and over 2 million other books are available for Amazon Kindle . Learn more
Trade in your item
Get a £0.29
Gift Card.
Have one to sell?
Flip to back Flip to front
Listen Playing... Paused   You're listening to a sample of the Audible audio edition.
Learn more
See all 2 images

The Hypochondriac's Pocket Guide to Horrible Diseases You Probably Already Have Paperback – 23 Nov 2005


See all 5 formats and editions Hide other formats and editions
Amazon Price New from Used from
Kindle Edition
"Please retry"
Library Binding
"Please retry"
Paperback
"Please retry"
£63.06 £0.87


Trade In this Item for up to £0.29
Trade in The Hypochondriac's Pocket Guide to Horrible Diseases You Probably Already Have for an Amazon Gift Card of up to £0.29, which you can then spend on millions of items across the site. Trade-in values may vary (terms apply). Learn more

Product details

  • Paperback: 208 pages
  • Publisher: Bloomsbury Publishing PLC (23 Nov. 2005)
  • Language: English
  • ISBN-10: 1596910615
  • ISBN-13: 978-1596910614
  • Product Dimensions: 10.7 x 1.9 x 15.8 cm
  • Average Customer Review: 5.0 out of 5 stars  See all reviews (1 customer review)
  • Amazon Bestsellers Rank: 727,735 in Books (See Top 100 in Books)

More About the Author

Discover books, learn about writers, and more.

Customer Reviews

5.0 out of 5 stars
5 star
1
4 star
0
3 star
0
2 star
0
1 star
0
See the customer review
Share your thoughts with other customers

Most Helpful Customer Reviews

2 of 2 people found the following review helpful By TeensReadToo TOP 500 REVIEWER on 23 Mar. 2007
Format: Paperback
First off, this is not a book for the faint of heart. It is, however, the perfect read for those with an off-the-wall sense of humor.

Mr. DiClaudio has compiled a list of forty-five of the most outlandish, obscure, and downright nasty diseases that you're likely to ever run across. Hopefully, on second thought, you'll never run across any of them, but in case you do, if you've read this book you'll at least be prepared for the horrid and totally disgusting ways with which you will suffer.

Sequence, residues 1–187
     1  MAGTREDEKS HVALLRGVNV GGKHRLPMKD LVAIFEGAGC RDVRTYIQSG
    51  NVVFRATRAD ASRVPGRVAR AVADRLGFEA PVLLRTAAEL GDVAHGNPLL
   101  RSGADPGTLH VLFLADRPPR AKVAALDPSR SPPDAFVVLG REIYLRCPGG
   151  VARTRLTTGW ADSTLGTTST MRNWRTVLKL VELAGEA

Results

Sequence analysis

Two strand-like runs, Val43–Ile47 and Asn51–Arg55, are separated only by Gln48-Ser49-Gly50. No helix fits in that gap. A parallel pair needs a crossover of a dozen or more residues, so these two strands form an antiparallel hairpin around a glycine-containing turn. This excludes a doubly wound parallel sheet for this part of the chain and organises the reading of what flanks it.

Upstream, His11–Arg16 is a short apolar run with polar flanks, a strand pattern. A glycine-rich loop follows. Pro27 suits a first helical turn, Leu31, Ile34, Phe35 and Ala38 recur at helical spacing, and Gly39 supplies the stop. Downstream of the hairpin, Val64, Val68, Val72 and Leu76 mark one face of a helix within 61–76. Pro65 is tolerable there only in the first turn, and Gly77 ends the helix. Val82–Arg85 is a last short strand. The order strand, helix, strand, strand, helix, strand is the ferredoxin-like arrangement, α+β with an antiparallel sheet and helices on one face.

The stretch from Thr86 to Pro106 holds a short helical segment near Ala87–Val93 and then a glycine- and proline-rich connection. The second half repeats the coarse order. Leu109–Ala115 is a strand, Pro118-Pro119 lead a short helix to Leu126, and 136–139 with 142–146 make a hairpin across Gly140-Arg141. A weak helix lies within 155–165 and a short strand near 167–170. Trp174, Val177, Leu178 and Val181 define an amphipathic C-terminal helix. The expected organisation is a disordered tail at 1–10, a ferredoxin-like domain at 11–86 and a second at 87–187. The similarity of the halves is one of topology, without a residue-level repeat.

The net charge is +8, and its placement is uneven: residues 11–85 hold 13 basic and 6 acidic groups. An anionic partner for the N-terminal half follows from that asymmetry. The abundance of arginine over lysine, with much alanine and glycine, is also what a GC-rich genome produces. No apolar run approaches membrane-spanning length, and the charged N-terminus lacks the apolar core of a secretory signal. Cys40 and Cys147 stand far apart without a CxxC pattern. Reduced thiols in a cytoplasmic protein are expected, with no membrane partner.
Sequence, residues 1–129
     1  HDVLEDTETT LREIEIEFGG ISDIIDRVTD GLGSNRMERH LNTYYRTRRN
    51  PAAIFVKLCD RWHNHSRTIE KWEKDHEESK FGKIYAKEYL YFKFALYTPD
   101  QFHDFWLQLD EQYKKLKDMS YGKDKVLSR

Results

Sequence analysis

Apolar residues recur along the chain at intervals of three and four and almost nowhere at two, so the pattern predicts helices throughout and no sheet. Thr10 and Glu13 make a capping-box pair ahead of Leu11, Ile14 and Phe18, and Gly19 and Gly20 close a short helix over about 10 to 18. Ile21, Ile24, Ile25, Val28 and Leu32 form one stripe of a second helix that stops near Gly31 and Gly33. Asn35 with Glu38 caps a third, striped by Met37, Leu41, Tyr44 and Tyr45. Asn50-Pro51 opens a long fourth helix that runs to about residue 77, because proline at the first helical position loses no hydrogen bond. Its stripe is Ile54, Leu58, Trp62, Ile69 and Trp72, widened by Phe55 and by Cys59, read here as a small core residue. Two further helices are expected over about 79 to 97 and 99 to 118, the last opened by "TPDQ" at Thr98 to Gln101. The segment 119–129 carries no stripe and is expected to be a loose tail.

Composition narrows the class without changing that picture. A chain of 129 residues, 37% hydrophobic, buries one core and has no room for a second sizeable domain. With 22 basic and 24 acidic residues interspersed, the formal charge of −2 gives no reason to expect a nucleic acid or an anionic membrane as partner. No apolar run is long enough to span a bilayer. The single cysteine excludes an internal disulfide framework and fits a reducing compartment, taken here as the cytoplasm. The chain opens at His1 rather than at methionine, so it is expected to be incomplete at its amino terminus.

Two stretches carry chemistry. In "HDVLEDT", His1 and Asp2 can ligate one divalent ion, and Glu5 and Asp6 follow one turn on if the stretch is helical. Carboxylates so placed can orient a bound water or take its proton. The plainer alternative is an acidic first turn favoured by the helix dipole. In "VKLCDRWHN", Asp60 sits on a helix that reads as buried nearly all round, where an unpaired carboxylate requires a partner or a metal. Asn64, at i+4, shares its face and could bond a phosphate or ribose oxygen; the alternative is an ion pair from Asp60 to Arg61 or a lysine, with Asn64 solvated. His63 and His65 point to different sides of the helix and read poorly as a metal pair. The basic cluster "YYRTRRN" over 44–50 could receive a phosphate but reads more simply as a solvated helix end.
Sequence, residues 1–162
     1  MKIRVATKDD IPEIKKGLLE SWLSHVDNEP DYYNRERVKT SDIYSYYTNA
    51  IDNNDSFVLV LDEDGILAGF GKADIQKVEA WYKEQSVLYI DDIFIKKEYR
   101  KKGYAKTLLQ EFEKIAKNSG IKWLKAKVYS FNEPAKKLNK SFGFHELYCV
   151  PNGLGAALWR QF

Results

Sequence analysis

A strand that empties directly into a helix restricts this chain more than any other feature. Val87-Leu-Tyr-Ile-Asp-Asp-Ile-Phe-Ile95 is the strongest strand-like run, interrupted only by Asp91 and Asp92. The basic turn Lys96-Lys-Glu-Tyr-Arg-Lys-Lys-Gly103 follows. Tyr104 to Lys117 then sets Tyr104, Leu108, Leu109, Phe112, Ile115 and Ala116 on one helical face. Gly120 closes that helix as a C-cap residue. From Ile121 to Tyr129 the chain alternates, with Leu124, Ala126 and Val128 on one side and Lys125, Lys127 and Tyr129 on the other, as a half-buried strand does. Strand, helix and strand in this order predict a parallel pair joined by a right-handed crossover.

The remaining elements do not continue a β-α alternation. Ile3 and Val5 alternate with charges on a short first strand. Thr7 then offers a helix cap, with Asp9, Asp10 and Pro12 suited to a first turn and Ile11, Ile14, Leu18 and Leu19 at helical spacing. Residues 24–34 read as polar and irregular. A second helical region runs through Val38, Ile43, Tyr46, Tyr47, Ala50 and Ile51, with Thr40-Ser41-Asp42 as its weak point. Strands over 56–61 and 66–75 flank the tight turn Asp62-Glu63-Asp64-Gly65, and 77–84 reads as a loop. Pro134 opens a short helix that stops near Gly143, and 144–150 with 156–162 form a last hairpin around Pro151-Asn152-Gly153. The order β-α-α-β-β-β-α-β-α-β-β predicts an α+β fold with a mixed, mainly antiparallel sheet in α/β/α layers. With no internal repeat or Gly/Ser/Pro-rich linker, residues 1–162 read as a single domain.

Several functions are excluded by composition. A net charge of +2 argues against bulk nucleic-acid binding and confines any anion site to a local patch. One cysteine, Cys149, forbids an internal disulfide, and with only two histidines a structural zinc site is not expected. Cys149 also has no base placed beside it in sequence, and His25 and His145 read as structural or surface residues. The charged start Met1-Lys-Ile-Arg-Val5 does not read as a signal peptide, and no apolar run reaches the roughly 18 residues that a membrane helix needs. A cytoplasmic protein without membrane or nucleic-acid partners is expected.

The diseases are broken up into categories, including Autoimmune, Bacterial, Genetic & Neurological, Idiopathic, Parasitic, Toxic & Fungal, and Viral & Prionic.

Although I found myself laughing hysterically at some of Mr. DiClaudio's observations, I sincerely hope to never find myself on the receiving end of these diseases. And, truth be told, I can't decide if I'd rather have worms living on my eyeball, having my flesh begin to decay while I'm still alive, or suffering from fatal familial insomnia (in which case, I'll never sleep again, and will probably spend my final waking hours wishing I had a disease as simple as worms living on my eyeball or having my flesh decay while I'm still alive).

Overall, a great way to spend a couple of hours. However, if you suspect you suffer from any of these forty-five diseases, you might want to actually see a doctor.

**Due to the graphic nature of many of these diseases, this book is only recommended for older, mature readers -- with steel stomachs.

Reviewed by: Jennifer Wardrip, aka "The Genius"
Comment Was this review helpful to you? Yes No Sending feedback...
Thank you for your feedback. If this review is inappropriate, please let us know.
Sorry, we failed to record your vote. Please try again

Most Helpful Customer Reviews on Amazon.com (beta)

Amazon.com: 27 reviews
22 of 23 people found the following review helpful
A Repulsive, Yet Oddly Compelling Guide To Strange, Scary, And Very Nasty Diseases 6 July 2006
By Robert I. Hedges - Published on Amazon.com
Format: Paperback